Imagine you are waiting at a bus stop with a crowd of people, walking to a meeting in a busy city, or even watching your child perform in a school play. Chances are, one or more of the people you see doesn’t know where his or her next meal is coming from. In fact, according to Feeding America, for 1 in 6 people in the United States hunger is a sobering reality.
While this statistic is alarming in and of itself, it is even more upsetting to realize that over one third of food produced for human consumption is lost and wasted in supply chains – a fact that was highlighted in the recent Packaging Digest article “Sustainability Event Calls for Stepped Up Supply Chain Efficiency”, which describes the findings from the 3rd North American edition of the Sustainable Foods Summit held in January.
While many food waste questions were emphasized at the summit (centering around issues like food recovery, eco-labels, and composting) the most important was how can we make the food industry more efficient? The answer? Food supply chains must be a major focus for improvement.
This need is further accentuated by an analysis on food waste by the National Resources Defense Council Wasted: How America is Losing Up to 40 Percent of Its Food from Farm to Fork to Landfill, which states that reducing supply chain waste by 15% could feed 25 million people. And while the packaging industry often receives bad press when it comes to waste, it can play a vital role in this reduction.
Innovative packaging solutions can improve safe transport and handling of food, extend product life, encourage less waste through portion control, and improve the presentation and appearance of freshness. Plus, packaging that incorporates newer technologies like RFID can provide real-time information about the location and even the condition of products helping to identify potential opportunities for improvement within the supply chain.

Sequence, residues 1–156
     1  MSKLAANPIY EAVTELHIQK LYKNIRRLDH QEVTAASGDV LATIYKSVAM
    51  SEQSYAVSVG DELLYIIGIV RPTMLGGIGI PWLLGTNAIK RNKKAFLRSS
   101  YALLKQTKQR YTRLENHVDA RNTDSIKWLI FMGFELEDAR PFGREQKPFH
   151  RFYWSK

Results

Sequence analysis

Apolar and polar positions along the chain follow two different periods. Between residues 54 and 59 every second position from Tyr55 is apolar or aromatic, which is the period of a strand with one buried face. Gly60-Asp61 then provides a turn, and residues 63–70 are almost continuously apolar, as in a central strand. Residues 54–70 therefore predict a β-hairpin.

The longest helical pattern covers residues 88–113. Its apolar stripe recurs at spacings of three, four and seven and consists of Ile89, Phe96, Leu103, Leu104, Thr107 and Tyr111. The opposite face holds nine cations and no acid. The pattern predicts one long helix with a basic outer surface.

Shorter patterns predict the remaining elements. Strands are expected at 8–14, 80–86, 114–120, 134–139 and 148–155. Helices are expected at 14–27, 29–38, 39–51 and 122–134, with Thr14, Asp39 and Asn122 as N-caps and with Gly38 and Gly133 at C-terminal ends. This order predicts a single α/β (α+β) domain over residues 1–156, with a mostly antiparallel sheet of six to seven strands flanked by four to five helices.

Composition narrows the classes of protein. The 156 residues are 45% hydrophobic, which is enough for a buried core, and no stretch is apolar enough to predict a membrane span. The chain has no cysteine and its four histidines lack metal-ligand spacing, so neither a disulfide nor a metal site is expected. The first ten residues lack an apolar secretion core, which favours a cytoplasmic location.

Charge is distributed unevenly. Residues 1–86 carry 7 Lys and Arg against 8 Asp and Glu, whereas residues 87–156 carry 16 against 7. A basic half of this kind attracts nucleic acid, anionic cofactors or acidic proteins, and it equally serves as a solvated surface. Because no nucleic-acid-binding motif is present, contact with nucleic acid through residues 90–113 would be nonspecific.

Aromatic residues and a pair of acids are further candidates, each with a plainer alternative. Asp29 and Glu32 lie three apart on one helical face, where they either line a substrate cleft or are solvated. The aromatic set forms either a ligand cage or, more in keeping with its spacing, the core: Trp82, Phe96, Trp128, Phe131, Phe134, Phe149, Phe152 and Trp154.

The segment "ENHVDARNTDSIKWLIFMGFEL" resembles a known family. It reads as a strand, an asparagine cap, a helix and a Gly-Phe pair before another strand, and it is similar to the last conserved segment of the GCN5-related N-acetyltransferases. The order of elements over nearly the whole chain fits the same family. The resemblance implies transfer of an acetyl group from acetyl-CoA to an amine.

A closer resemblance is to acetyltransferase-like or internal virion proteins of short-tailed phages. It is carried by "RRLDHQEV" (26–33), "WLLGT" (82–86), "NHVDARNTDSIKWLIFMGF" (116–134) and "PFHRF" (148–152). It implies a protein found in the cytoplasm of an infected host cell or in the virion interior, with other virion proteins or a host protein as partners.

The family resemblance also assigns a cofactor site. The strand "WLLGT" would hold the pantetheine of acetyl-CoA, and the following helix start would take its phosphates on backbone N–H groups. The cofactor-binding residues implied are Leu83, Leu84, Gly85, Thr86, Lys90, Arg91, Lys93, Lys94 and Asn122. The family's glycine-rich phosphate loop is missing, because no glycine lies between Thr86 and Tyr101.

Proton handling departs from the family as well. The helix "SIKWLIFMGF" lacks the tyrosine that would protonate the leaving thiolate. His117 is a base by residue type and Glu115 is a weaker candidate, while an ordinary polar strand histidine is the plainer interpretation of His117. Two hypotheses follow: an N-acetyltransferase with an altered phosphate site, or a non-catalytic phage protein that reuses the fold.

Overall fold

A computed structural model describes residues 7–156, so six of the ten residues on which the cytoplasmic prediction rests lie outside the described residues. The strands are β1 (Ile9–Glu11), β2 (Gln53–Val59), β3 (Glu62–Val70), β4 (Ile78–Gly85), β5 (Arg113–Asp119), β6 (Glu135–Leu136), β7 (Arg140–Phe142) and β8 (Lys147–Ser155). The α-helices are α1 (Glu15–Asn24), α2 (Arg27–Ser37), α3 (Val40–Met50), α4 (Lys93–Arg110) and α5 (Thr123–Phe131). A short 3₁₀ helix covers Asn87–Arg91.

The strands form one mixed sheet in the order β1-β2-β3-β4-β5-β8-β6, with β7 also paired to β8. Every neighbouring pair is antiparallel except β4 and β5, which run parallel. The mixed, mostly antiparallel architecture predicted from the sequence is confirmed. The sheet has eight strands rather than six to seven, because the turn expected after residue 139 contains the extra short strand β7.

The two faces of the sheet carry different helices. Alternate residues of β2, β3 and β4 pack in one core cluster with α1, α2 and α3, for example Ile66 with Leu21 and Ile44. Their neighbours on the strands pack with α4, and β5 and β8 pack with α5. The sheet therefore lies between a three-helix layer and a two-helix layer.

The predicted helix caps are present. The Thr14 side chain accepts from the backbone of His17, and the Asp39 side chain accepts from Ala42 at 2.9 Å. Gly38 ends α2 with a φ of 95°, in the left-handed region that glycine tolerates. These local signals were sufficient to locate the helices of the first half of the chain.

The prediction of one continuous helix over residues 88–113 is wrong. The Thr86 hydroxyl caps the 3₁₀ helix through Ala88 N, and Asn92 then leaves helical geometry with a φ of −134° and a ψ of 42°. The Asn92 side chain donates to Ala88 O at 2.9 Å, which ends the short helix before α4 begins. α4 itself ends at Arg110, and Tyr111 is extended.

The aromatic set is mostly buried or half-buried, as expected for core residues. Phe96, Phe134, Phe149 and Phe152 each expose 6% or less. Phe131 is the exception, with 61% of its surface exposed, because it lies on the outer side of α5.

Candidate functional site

At TEQ, this level of innovation is second nature for us. (Take, for example, when we used an A-PET additive in our food packaging solution for O’Kami Sushi tray to prevent fogging due to refrigeration.) And we don’t stop there. No matter what type of client – from food manufacturers to medical device manufacturers – we examine the supply chain for ways to streamline workflow processes and increase efficiencies. This can mean creating custom tools, modifying machinery, or even reengineering packaging.
What about your business or industry? What are some of the ways you could be part of the food waste solution?